The UK wants to double its Kabul airlift numbers to 12,000 this week, but Johnson accepts that the success of the mission is reliant on US troops maintaining control of Kabul airport.
Evacuees from Afghanistan as they arrive in an Airbus A400 transport aircraft of the German Air Force Luftwaffe in Tashkent, Uzbekistan
Afghan families enter into Pakistan through a border crossing point in Chaman, Pakistan
UK Defense Secretary Ben Wallace conceded the his country’s involvement will end when the US leaves, saying: ‘The Prime Minister is, obviously at the G7, going to try and raise the prospect of seeing if the United States will extend.
‘It’s really important for people to understand the United States have over 6,000 people in Kabul airport and when they withdraw that will take away the framework … and we will have to go as well.
‘I don’t think there is any likelihood of staying on after the United States. If their timetable extends even by a day or two, that will give us a day or two more to evacuate people.
‘Because we are really down to hours now, not weeks, and we have to make sure we exploit every minute to get people out.’
In his sit-down interview, Dr Shaheen also claimed people are not fleeing Afghanistan because they are scared, saying it was purely ‘economic migration’, despite the desperate scenes at Kabul airport.
He added it was ‘fake news’ that girls’ schools are being closed amid reports of the Taliban going door to door and threatening people while seeking former government workers.
Many women are fearful that the new regime will erode rights which they have fought for.
But Dr Shaheen insisted: ‘They will lose nothing. Only if they have no hijab, they will have a hijab… women are required to have the same rights as you have in your country but with a hijab.’
He added that women teachers and journalists are continuing to work despite the recent upheaval, despite stories of women being scared to leave their homes and return to work.
People stand on a barrier outside Kabul airport, Afghanistan, after the Taliban takeover of the city last week
Boris Johnson (pictured left) will attempt to persuade US President Joe Biden (pictured right) to keep American troops in Afghanistan beyond his August 31 deadline when the two leaders take part in a G7 meeting this week
Biden said he had directed the State Department to contact Americans stranded in the country, where Taliban checkpoints are in place.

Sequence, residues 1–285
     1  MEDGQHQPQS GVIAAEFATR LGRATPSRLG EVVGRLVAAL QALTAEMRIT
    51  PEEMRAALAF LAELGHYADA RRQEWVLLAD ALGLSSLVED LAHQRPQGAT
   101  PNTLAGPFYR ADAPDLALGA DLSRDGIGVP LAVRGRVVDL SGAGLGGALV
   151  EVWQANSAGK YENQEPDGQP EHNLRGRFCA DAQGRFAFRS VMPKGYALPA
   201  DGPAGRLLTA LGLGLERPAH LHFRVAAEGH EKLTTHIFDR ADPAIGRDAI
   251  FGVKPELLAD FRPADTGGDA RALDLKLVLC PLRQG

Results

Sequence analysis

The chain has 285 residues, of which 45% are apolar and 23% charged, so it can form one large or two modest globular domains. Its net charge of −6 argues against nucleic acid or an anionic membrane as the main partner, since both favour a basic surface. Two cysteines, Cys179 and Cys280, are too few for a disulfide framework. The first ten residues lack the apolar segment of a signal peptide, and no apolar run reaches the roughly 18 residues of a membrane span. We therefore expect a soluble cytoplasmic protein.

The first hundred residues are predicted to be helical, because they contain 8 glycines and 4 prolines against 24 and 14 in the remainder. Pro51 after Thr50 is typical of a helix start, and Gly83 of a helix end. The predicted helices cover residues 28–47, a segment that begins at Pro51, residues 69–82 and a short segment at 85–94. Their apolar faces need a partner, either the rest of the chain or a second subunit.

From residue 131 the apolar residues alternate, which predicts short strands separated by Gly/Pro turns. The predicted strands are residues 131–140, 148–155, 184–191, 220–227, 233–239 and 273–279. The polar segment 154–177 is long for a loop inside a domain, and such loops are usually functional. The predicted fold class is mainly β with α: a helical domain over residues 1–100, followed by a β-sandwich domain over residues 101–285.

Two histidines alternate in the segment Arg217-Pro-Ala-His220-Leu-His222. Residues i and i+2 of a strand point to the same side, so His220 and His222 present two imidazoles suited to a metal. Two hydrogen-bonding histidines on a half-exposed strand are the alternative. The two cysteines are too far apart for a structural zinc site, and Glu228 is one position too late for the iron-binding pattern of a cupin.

‘We’re executing a plan to move groups of these Americans to safety and to safely and effectively move them to the airport compound. For security reasons, I’m not going to go into detail … but I will say again today what I’ve said before: Any American who wants to get home will get home.’
Afghan allies of the West and vulnerable Afghans such as women activists and journalists would be helped too, he said.
Meanwhile, 500 tonnes of medical supplies including surgical equipment and childhood pneumonia treatments due to be delivered to Afghanistan this week are stuck because of Kabul airport restrictions.
‘They were ready and planned to be delivered to Afghanistan to arrive this week. But now that the airport is closed to commercial flights, we can no longer get them in,’ said World Health Organisation spokesperson Inas Hamam.
She said the WHO was calling for empty planes to divert to its storage hub in Dubai, United Arab Emirates, to collect the supplies on their way to pick up evacuees from the country.
One of those who managed to flee amid the pandemonium at Kabul airport was an Uber driver who had spent three days desperately trying to escape from the Taliban.
Helmand Khan was flown to safety on an RAF flight with his children after he visited relatives in Afghanistan.
The taxi driver from West London was earlier seen thrusting his British passport at TV crews as he tried to enter a compound where the British Embassy is housing evacuees.
Helmand Khan was flown to safety on an RAF flight with his children after spending three days desperately trying to flee
He told the BBC: ‘You’ve seen by British passport, these are my children! I came in the morning, five o’clock, but I’m still waiting. In the last three days I am trying to go inside.’
Amid the chaos, a firefight broke out between unidentified gunmen, Western security forces and Afghan guards at Kabul airport last night.
One Afghan guard was killed and three others were injured in the battle, which also involved US and German forces, the German military said on Twitter.
The report did not specifying whether the dead Afghan was one of the Taliban fighters deployed to guard the airport.
The airport has been a scene of chaos since the Taliban seized the Afghan capital on August 15 as UK and international forces try to evacuate citizens and vulnerable Afghans.
British armed forces minister James Heappey acknowledged that ‘when the US go, the mission has to come to an end’ in Afghanistan as the Prime Minister prepares to issue the plea to the American president.
The leaders will speak during an emergency G7 summit on Tuesday as the Government presses for American troops to remain beyond August to secure the capital’s airport for rescue flights.